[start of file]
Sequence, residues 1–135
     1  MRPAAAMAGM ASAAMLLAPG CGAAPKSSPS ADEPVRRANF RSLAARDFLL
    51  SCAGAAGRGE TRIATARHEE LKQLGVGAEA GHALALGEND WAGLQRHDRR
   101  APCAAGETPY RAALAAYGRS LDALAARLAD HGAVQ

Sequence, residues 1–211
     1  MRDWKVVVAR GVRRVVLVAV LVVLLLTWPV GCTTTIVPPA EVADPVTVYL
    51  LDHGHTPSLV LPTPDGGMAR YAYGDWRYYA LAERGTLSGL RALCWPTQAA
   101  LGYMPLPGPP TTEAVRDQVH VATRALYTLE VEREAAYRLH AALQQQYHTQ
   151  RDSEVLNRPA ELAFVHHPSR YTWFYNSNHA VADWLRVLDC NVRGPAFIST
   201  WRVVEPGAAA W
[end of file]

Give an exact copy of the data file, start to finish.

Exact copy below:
Sequence, residues 1–135
     1  MRPAAAMAGM ASAAMLLAPG CGAAPKSSPS ADEPVRRANF RSLAARDFLL
    51  SCAGAAGRGE TRIATARHEE LKQLGVGAEA GHALALGEND WAGLQRHDRR
   101  APCAAGETPY RAALAAYGRS LDALAARLAD HGAVQ

Sequence, residues 1–211
     1  MRDWKVVVAR GVRRVVLVAV LVVLLLTWPV GCTTTIVPPA EVADPVTVYL
    51  LDHGHTPSLV LPTPDGGMAR YAYGDWRYYA LAERGTLSGL RALCWPTQAA
   101  LGYMPLPGPP TTEAVRDQVH VATRALYTLE VEREAAYRLH AALQQQYHTQ
   151  RDSEVLNRPA ELAFVHHPSR YTWFYNSNHA VADWLRVLDC NVRGPAFIST
   201  WRVVEPGAAA W